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Last year a nurse was stabbed by a knife-wielding patient at a New South Wales hospital in an incident that unions say could have cost a life. It is one of many examples that have prompted the creation of Angry Stan, an abusive virtual hospital visitor that is being used to teach future nurses skills to identify volatile patients and try to deal with them before they resort to violence.
Co-creator Donovan Jones, said he and University of Newcastle colleague Michael Hazelton, used their backgrounds in emergency department violence to come up with the realistic virtual scenario that sees Stan involved in a car accident, and entering a virtual emergency department, potentially injured and in shock.
“Students actually have a heart rate monitor on that affects the game so the more they stress out the harder it is for Stan to do the right things,” he said.
“Whether it be in an emergency department, a birthing environment, a theatre or in the back of a taxi, they need to stay clam, they need to breathe and understand what the person’s saying and respond appropriately.”
Mia Petrou, a second-year nursing student who has keen on working in paediatrics took part in the training and admitted the idea of facing abuse when dealing with families who were upset “definitely” preyed on her mind.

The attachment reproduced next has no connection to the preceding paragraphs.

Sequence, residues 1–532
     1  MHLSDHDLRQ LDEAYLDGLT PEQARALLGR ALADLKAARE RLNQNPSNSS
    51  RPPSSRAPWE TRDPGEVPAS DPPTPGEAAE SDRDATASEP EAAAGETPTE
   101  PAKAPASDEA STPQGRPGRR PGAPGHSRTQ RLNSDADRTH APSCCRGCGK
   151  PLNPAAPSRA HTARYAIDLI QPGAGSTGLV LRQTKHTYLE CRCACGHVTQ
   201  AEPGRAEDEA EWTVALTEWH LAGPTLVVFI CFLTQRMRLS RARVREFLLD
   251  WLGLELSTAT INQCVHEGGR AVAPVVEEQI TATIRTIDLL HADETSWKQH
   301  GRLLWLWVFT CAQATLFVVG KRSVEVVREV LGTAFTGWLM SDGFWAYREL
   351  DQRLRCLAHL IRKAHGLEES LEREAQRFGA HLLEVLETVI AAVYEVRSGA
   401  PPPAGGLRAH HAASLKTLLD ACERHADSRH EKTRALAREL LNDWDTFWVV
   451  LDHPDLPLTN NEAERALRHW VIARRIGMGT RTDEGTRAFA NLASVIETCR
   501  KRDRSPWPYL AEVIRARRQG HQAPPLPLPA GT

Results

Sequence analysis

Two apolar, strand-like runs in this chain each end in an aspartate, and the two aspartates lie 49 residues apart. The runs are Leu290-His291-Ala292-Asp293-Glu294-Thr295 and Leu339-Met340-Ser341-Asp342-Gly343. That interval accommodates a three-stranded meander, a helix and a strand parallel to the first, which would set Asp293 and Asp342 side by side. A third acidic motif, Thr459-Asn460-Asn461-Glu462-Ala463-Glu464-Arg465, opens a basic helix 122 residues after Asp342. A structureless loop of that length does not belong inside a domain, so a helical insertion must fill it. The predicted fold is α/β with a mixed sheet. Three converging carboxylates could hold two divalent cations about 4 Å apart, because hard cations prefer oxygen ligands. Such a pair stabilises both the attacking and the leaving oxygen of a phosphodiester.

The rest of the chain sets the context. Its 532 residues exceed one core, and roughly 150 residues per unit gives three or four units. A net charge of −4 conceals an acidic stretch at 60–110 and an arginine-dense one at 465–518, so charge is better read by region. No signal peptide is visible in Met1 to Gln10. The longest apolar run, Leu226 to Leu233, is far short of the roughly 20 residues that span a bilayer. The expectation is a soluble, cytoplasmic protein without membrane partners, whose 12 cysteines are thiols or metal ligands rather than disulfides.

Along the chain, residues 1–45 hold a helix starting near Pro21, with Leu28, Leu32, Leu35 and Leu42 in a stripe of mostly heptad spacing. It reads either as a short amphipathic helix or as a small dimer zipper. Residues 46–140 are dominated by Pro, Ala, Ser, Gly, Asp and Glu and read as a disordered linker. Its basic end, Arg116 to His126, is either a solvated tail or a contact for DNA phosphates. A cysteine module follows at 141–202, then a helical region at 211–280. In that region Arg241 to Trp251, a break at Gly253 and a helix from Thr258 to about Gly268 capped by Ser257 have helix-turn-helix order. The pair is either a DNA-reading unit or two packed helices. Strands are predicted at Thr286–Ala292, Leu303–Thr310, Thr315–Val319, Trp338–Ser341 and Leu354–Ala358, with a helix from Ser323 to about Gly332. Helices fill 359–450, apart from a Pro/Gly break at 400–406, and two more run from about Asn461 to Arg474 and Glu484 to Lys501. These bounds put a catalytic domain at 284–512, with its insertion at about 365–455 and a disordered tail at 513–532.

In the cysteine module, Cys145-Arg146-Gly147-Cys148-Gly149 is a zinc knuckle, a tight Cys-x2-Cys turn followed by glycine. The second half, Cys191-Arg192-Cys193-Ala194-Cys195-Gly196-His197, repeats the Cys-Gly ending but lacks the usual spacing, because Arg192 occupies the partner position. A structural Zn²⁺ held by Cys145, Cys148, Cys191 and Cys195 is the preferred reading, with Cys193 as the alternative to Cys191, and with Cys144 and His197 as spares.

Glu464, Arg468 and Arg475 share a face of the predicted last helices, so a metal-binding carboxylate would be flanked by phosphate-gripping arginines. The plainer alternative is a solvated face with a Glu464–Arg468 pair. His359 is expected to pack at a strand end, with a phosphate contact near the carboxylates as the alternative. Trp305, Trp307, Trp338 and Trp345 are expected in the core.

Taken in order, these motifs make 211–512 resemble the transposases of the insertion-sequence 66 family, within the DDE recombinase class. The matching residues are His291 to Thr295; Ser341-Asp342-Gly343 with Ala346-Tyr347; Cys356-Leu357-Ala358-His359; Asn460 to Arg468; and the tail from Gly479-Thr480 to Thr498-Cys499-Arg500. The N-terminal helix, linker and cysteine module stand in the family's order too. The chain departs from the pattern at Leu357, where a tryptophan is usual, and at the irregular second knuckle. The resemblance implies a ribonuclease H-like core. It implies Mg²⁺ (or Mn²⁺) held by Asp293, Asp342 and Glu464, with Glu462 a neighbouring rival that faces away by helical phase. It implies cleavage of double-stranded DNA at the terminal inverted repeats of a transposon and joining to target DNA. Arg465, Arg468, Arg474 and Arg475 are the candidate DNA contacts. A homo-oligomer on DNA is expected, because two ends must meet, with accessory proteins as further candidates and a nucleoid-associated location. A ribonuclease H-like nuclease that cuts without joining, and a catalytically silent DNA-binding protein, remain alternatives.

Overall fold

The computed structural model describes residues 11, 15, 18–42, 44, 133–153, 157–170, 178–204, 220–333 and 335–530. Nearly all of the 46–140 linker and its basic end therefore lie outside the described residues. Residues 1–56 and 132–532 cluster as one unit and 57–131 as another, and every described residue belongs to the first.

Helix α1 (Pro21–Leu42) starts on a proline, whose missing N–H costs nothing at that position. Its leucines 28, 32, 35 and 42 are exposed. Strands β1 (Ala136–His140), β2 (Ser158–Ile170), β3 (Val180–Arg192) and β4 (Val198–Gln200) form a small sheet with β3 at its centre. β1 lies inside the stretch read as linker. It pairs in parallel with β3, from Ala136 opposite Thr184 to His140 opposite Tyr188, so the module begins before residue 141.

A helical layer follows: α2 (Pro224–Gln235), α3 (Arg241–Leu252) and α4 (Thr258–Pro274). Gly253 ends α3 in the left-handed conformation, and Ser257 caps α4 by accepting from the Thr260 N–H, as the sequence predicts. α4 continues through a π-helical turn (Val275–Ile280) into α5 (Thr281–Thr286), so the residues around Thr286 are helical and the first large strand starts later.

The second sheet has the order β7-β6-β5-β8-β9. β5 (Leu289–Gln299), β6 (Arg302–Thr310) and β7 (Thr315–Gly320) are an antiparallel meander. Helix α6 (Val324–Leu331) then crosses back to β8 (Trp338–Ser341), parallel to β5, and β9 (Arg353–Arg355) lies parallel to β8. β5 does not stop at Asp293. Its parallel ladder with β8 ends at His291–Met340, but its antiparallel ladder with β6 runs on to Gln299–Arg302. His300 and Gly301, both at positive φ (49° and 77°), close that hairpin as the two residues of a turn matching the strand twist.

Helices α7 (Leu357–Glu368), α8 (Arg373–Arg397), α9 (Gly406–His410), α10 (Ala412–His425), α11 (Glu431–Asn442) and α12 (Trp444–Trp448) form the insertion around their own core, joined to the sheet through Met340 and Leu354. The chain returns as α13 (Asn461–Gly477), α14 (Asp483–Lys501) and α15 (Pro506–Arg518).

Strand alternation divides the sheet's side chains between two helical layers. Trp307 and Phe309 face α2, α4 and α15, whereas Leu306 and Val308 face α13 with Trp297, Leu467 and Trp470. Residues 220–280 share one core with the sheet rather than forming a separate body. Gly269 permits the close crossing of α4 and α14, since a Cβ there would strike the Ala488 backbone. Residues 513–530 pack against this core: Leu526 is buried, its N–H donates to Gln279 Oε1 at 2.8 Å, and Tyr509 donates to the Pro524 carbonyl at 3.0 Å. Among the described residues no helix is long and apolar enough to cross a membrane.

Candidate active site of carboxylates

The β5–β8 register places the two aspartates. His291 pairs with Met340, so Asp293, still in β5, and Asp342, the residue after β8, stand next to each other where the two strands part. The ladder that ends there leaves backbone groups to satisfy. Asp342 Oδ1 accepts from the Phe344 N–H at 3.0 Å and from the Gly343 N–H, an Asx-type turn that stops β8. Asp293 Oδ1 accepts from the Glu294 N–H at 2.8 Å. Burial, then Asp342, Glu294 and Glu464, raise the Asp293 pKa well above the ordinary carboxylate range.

After strapping on the goggles Mia said she was startled by Stan’s aggression and despite being encouraged to stay calm, she realised her response [text on the screen] to Stan was highlighted in red, a sign she was getting stressed.
“It did go red quite a bit it sort of shows how real the situation is, it plays on your real emotions,” she said.
“He’s very real looking. The way he was speaking and the way he was moving and the facial expressions.
“It made we feel like wow, I have to do something.”
Fellow nursing student Matthew Stern, who has previously served in the Australian Defence Force, said he was forced to call for security when Stan got out of hand.
“It’s really chaotic you’re trying to help one person, and you’re getting call bells rung constantly, people yelling at you to help them so you really have to prioritise,” he said.
“My heart rate was elevated therefore he was more stressed and actually he [Angry Stan] was a lot more aggressive towards me.”